Getting started in our case it was first required that we decide if we were going to go with the older remote set-up or the later ‘rod-change’ version. In either case it was going to require starting with process of cleaning, inspecting and modifying the case to accept the gears and Limited Slip. We took into consideration that for the drop gears in our somewhat economy minded project we would go with standard helical version. But again, as we were starting from scratch we had a choice of using the early size idler gear or the later ‘big shaft’ version. As the Big shaft was the very obvious first choice, it simplified the case selection as only the later model rod change housing used the big shaft type idlers.
As all of my choices for a starting point were absolutely filthy, the first step was to take a high pressure water hose to them in an attempt to at least blast off some of years of baked on gunk! But the solvent tank and had brushes were needed steps before even a good inspection could be done.
With the gearbox gutted and cleaned the next step was to drill out the holes where it bolts to the engine block. Mini Cooper Trans to Engine boltsOur experience tells us that even with the thick flange late blocks we can still benefit from using these larger bolts. We use a special bolts with small drive to allow for much easier fixing, 5/16”X24 bolts, 7 are 1” long and 5 of them are 1.5”.
Next in our process was the installation of the new shift forks required for this gear set, a pretty straight forward job after you mange to find a punch of the correct size to drift our the roll pin holding in place the 3rd/4th gear fork. All’s well that ends well!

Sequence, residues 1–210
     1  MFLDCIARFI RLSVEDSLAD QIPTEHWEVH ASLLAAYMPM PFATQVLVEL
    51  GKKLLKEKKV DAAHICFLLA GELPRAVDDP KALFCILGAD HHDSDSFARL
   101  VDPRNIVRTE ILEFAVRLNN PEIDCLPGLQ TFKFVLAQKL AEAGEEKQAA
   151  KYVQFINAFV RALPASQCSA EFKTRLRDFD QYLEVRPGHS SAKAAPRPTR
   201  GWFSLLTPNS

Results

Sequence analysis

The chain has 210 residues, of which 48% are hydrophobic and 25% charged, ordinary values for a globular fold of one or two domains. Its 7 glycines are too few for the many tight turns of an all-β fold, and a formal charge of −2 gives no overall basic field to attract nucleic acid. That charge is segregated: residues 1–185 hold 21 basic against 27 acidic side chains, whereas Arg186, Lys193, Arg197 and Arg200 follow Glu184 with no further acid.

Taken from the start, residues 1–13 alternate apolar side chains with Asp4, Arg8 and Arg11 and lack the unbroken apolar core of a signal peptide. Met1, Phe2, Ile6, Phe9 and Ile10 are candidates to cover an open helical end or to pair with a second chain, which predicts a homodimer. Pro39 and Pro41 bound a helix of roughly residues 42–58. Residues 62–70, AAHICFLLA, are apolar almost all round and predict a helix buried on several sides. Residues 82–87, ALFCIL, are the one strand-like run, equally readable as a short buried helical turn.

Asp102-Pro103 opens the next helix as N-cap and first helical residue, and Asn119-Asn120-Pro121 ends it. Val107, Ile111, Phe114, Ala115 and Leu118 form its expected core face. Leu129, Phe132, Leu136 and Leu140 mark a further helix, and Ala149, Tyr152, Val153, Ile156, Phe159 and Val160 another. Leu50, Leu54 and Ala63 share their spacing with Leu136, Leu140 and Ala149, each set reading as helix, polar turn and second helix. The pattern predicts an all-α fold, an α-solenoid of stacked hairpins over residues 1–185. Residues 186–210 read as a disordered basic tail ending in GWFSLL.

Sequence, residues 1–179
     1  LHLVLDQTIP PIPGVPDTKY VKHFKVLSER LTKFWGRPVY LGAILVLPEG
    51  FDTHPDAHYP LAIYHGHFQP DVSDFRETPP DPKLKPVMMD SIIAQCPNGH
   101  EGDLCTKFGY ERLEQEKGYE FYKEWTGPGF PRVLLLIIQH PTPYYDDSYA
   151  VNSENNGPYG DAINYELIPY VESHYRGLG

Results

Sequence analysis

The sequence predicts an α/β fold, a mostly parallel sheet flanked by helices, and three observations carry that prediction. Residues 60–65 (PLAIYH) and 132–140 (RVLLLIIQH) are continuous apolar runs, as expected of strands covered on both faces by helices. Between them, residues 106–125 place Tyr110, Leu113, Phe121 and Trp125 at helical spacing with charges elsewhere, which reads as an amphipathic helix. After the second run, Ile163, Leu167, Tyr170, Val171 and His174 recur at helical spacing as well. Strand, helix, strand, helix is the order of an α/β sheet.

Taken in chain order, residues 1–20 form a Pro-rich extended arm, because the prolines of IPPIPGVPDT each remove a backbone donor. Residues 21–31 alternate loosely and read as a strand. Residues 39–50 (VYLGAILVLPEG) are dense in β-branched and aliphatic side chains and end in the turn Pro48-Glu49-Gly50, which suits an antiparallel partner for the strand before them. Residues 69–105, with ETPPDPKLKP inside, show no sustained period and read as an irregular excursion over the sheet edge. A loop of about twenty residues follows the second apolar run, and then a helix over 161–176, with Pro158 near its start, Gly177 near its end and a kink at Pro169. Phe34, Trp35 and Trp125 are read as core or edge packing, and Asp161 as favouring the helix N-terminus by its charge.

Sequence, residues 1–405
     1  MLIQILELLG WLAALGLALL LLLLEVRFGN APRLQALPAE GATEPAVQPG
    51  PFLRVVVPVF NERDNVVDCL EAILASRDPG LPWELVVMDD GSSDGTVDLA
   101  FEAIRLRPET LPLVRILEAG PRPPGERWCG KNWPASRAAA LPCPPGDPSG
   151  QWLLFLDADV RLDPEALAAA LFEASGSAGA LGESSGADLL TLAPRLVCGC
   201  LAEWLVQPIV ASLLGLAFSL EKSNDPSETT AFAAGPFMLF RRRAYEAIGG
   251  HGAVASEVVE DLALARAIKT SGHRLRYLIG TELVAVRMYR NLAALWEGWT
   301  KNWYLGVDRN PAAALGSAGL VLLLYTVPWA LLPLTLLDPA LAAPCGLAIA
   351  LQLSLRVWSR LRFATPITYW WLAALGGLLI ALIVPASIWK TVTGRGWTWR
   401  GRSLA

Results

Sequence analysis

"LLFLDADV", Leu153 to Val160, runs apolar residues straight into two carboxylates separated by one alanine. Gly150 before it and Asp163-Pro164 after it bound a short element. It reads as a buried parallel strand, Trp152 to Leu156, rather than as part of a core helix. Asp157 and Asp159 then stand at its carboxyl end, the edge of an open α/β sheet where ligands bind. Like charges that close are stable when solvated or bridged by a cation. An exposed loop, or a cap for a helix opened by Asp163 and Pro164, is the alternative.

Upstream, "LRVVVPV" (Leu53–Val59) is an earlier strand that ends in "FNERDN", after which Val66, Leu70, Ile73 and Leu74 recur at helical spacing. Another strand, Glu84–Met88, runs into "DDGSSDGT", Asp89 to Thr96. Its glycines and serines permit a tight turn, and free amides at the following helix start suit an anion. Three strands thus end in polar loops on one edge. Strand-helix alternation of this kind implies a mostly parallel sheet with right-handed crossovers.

The real change for the task thus far was the modifications needed to install a modern limited slip into any Mini Gearbox. IMini Cooper Stock Diff Housingt has been my experience that no LSD will fit into any housing without the need to grind some additional clearance in both the differential housing and the tranny case itself. The process is very much a grind a little and try it one that has to be repeated a numbLSD modifiled Diff Housinger of time until you are sure it will fit. And for sure you don’t want to install the gears in the housing before you know the diff will clear everything.
On the diff rear case you can see in the pictures with the stock ribs on the inside, these have to be ground off as shown in the after picture. The next step is to take the diff and see how it all fits.
Mini Cooper Rod Change BushingPS, whilMini Cooper Diff Bushinge we were working on the Diff housing, we also took the time to install a new bushing for the rod change linkage. Although we used a actual press, it can just as easily be done on the workbench.

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Gear Box Rebuild

Written By GuessWorks

Gearboxes may seem complicated but they are very simple in their construction, and surprisingly easy to put together. The main issues are having the right tools to do the job. So here’s a list of what you will need.

  • Torque Wrench with a maximum range in excess of 150lbft
  • 1 1/2″ deep socket ( a ball joint socket is ideal )
  • Small ratchet and a long extension is useful
  • Other sockets 1 1/8, 9/16, 1/2, 7/16, 3/8
  • Small cold chisel
  • Steel punch (1/8″ diameter)
  • Larger steel drift
  • Mallet (soft and hard headed)
  • Small screw driver

There are three main rotational parts in the gearbox, the 1st motion shaft ( or input shaft ) which carries the bottom drop gear and what could be called 4th gear, the laygear which transfers the power from the input to the rest of the gearset, and finally the 3rd motion shaft which carries all the remaining gears.

First of all make sure you have everything you need…